Whether you’re talking a realistic or minimalistic stage design, Rich Montena and John Birchler know one important key to success: very good actors.
“The actors tell the story, and all I’m trying to do is support them with a little bit of atmosphere,” said Montena, who is acting as technical director and stage designer in the Albany Civic Theater production of “Man From Nebraska,” opening Friday night and running over the next two weekends.
“And the only way for me to approach this show was to go minimalistic, especially on our small stage. With 29 scenes and 17 different locations, you have to be nuanced and do your best to create a sense of place for each of those different scenes.”
“Man From Nebraska” is by playwright/actor/screenwriter Tracy Letts, who won a 2008 Pulitzer for his play “August: Osage County,” and a 2013 Tony for his portrayal of George in “Who’s Afraid of Virginia Woolf.”
‘Man from Nebraska’
WHERE: Albany Civic Theater 215 Second Ave., Albany
WHEN: 7:30 p.m. Friday and Saturday, 3 p.m. Sunday, through Sept. 14
HOW MUCH: $15-$10
MORE INFO: www.albanycivictheater.org, 462-1297
In “Man From Nebraska,” which was also a Pulitzer finalist, Letts has created a character, Ken Carpenter, who goes out looking for all of life’s important answers after waking up one day and realizing he doesn’t believe in God. Who better to take on this character locally, according to Birchler, the director, than Albany’s Patrick White.
“Patrick is very good,” said Birchler, quickly summing up White’s talents. “This character has a wide range of emotions, and Patrick can always do that kind of stuff. He really fits the part.”
White is on stage throughout most of the play, and carries the action through a number of short scenes with different characters. The challenge of creating those scene changes with very little effort was quite a task according to Montena, who has designed sets at Albany Civic for “A Midsummer Night’s Dream,” “The Laramie Project,” “All My Sons” and “Proof.”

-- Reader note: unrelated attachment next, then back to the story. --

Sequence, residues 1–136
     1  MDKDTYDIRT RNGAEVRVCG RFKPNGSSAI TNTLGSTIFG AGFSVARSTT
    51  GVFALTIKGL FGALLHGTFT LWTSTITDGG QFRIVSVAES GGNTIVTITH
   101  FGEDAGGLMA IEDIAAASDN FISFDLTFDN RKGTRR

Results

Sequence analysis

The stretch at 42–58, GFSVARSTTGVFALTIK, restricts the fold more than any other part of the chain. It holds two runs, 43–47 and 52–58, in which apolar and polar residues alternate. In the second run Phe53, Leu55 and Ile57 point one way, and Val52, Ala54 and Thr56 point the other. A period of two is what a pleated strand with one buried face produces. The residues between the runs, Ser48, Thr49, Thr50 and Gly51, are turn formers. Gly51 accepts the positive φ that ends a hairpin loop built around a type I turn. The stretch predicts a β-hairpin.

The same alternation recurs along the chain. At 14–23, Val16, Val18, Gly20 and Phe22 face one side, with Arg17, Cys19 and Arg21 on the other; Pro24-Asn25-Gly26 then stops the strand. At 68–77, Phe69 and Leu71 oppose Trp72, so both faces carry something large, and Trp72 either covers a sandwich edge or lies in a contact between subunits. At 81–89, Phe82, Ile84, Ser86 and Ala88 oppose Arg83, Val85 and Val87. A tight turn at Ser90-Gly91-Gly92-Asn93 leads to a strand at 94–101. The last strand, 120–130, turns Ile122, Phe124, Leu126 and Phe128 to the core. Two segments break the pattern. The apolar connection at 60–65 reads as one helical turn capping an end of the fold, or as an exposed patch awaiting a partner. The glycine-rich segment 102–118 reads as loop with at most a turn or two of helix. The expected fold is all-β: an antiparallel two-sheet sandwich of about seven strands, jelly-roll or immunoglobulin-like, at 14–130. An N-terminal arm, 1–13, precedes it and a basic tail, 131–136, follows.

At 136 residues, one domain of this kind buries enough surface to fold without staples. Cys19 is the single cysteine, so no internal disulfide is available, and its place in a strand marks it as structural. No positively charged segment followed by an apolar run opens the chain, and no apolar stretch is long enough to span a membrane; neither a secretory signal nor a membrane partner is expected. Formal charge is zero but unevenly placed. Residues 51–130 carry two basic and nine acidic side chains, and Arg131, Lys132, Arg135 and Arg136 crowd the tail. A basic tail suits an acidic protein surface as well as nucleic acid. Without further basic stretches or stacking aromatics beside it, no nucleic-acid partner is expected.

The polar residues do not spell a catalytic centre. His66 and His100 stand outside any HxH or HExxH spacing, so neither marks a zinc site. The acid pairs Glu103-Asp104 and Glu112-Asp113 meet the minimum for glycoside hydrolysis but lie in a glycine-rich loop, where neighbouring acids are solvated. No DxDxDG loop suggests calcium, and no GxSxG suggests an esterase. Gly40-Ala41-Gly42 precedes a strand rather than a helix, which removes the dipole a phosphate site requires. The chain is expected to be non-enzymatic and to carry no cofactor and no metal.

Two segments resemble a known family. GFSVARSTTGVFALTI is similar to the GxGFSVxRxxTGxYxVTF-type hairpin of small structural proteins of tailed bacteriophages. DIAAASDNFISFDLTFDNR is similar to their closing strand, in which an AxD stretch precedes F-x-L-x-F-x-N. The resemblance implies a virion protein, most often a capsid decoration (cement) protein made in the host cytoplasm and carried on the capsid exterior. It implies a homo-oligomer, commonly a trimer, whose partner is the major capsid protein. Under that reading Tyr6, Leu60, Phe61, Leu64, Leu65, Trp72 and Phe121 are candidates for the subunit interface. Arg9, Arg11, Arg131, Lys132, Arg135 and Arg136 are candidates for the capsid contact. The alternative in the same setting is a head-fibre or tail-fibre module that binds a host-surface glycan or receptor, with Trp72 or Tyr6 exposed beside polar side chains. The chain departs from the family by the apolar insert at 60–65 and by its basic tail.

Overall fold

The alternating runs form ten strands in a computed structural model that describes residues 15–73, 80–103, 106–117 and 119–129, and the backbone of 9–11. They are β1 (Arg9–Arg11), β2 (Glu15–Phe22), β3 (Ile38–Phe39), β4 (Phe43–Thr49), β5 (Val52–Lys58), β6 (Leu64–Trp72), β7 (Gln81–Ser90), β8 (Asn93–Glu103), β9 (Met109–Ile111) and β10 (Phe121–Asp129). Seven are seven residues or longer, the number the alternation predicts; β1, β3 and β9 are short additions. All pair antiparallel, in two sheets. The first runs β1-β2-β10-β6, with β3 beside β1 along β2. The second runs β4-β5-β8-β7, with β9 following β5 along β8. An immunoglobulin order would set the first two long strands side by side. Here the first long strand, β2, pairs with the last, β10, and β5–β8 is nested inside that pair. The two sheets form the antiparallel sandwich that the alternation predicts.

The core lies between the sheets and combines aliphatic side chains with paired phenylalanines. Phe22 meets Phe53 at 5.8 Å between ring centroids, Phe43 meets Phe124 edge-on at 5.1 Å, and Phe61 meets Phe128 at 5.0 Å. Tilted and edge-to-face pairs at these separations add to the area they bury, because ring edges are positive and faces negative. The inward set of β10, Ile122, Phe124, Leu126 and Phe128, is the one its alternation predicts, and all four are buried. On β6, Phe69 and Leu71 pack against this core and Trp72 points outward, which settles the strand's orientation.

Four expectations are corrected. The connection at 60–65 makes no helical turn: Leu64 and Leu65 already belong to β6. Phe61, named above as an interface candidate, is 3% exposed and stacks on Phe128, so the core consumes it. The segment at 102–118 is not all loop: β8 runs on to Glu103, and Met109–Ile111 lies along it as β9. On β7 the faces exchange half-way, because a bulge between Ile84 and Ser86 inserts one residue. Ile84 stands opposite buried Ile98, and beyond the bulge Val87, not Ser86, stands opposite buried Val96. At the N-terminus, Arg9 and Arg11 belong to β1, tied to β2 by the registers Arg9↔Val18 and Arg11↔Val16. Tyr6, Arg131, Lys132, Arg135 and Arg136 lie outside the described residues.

“There are elements on the set that have multiple uses, but there is also a lot of shifting and things being moved around,” said Montena, a Lake George native.
“We use the actors, and it really is choreographed because when we darken the stage we have to make sure they don’t trip on each other. It’s like they’re dancing, and it was a great challenge, but having talented actors really help. When they’re very good, the audience focuses on them, and that allows us to use very few props.”
Also making Montena’s job easier are Resa Tanner as White’s wife, Nancy, Judy Landers as his mother, Cammie, and Kevin McNamara as his minister, Rev. Todd. There are eight actors in all who share the stage with White, including Simone Lavine, Debra Burger, Jennie Pines, Kevin Barhydt and Morton Hess.
“There really isn’t a small role in this play,” said Birchler. “They are all important characters, and they each have their scene with Ken in a series of little vignettes.”
“I became interested in doing this play as soon as I read it, and it’s nothing at all like ‘August: Osage County,’ ” Birchler said. “In this play, most of the emotion is held in, and at times Letts uses silence. There are entire scenes in which nothing is said. The emotion is suggested by the actors.”
Birchler, who has done plenty of work both on and off stage in Schenectady and the Gloversville-Johnstown area, is directing at Albany Civic Theater for the first time.
White got his start in community theater at Albany Civic more than 25 years ago and has become one of the busiest actors in the area.
In the last two years alone he has acted or directed with Curtain Call Theatre, Schenectady Civic Players, Our Own Productions, the Classic Theater Guild, the Arts Center of the Capital Region and the University at Albany.